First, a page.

Games Ghosts

Sir Patrick Delaney-Podmore

"We can only accept huntsmen whose heads have parted company with their bodies. You will appreciate that it would be impossible otherwise for members to participate in hunt activities such Horseback Head-Juggling and Head Polo."

- Sir Patrick Delaney-Podmore (CS8)

Sir Patrick Delaney-Podmore

Sir Patrick Delaney-Podmore was a large, bearded ghost and the leader of the Headless Hunt. He attended Sir Nicholas de Mimsy-Porpington’s 500th Deathday party with a group of his huntsmen, entering with his head under his arm blowing a horn. Sir Patrick and his men ride ghost horses into the party and begin a game of Head Hockey while Nick is trying to give his speech. Via letter, Sir Patrick had denied Nick’s application to the Headless Hunt saying that his head has to be completely parted from his body in order to join. Nick is brooding over Sir Patrick’s letter when Harry is apprehended by Filch for muddy footprints, prompting Nick to persuade Peeves to drop the Vanishing Cabinet over Filch’s office. In gratitude, Harry agrees to attend Nick’s Deathday Party where he tells Sir Patrick that he finds Nick very frightening, which Patrick does not believe (CS8).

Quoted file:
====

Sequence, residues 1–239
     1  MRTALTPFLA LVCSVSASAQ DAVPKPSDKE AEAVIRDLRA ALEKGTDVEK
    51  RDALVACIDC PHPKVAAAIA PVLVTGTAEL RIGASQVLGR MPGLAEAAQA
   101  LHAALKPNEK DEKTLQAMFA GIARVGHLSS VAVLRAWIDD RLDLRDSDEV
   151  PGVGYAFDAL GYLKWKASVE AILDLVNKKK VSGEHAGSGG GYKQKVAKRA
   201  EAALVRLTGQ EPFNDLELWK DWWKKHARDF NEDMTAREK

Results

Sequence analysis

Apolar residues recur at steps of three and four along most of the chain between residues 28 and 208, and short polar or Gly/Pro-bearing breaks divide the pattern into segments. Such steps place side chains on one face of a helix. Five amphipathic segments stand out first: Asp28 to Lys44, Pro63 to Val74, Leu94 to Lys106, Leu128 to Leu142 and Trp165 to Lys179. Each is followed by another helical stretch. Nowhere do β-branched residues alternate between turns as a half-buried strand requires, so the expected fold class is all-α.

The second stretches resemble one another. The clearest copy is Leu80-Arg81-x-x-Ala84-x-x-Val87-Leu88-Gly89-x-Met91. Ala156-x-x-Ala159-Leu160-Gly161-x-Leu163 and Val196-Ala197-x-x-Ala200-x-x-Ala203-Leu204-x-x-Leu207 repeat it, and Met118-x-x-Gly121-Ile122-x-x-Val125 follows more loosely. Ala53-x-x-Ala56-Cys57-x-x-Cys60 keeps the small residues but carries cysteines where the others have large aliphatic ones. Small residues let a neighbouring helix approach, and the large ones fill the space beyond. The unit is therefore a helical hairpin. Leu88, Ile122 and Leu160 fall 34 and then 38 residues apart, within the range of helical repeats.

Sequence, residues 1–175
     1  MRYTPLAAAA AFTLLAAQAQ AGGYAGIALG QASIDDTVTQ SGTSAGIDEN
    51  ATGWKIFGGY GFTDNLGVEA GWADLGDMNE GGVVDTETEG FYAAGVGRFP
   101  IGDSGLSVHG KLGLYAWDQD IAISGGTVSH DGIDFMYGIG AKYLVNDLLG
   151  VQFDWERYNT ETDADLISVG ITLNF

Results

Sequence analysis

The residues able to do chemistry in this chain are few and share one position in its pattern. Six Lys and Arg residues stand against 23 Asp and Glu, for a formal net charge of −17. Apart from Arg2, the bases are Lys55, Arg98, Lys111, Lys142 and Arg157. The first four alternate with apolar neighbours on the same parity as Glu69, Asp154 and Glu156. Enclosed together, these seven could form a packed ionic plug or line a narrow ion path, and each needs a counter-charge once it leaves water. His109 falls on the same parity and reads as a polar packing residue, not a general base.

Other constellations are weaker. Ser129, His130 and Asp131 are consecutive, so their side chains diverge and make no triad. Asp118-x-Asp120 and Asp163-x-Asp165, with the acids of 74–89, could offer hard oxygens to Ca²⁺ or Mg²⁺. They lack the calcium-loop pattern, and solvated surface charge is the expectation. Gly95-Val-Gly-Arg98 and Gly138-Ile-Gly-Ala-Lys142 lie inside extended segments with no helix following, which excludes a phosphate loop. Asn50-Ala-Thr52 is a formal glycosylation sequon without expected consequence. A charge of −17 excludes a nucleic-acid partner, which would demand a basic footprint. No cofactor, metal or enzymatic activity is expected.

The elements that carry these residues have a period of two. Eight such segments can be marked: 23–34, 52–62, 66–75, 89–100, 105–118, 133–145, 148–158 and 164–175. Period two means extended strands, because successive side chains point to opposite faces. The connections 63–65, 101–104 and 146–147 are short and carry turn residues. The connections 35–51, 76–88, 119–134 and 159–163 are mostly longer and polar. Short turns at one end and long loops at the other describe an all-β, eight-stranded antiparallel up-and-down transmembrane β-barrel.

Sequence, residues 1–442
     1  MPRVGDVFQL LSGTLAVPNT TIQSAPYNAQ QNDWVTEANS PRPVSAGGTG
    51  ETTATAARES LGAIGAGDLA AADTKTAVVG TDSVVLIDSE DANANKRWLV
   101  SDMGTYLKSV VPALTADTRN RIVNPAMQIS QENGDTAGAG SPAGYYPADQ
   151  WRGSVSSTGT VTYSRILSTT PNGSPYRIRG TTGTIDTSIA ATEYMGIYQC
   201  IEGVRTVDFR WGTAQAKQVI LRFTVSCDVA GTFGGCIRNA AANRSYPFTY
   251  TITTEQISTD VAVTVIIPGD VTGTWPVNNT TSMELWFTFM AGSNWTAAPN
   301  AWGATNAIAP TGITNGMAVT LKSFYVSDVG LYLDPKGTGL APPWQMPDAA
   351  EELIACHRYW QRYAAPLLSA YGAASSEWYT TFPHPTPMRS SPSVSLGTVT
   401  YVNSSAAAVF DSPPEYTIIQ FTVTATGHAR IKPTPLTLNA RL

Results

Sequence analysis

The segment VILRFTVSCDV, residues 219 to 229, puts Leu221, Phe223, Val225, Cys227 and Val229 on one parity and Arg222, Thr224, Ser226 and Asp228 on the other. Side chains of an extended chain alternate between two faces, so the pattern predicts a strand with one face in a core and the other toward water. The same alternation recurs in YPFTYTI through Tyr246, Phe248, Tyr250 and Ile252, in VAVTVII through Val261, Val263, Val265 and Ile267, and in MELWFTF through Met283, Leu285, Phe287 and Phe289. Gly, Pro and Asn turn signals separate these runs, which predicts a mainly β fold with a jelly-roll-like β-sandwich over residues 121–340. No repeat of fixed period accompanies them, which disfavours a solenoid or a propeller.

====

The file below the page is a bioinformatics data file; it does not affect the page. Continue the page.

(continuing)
The Headless Hunt, likely including Sir Patrick, participates in the Battle of Hogwarts, loping past Harry, Ron, Hermione, Draco, and Goyle outside of the Room of Requirement (DH31).

Sir Patrick Delaney-Podmore denies Nick's Headless Hunt application by writing to him, showing that ghosts can communicate to each other by writing letters (CS8).


Head Hockey, Horseback Head-Juggling and Head Polo

Sir Patrick Delaney-Podmore
Gender Male
Other Names Sir Properly Decapitated-Podmore (called by Nearly Headless Nick)
Distinguishing Features bearded head that he sometimes carries under his arm
First Introduced CS8: The Deathday Party



Patrick = from the Latin Patricius, meaning "nobleman"

Delaney = Irish surname from the Gaelic Ó Dubhsláine, with Dubh meaning "black" and "Slaine" for the River Slaine

Podmore = English surname, 14th century, meaning "the tadepole-moor," from pode meaning "tadpole" and mor for"moor"

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Tags: big death hunting large leaders

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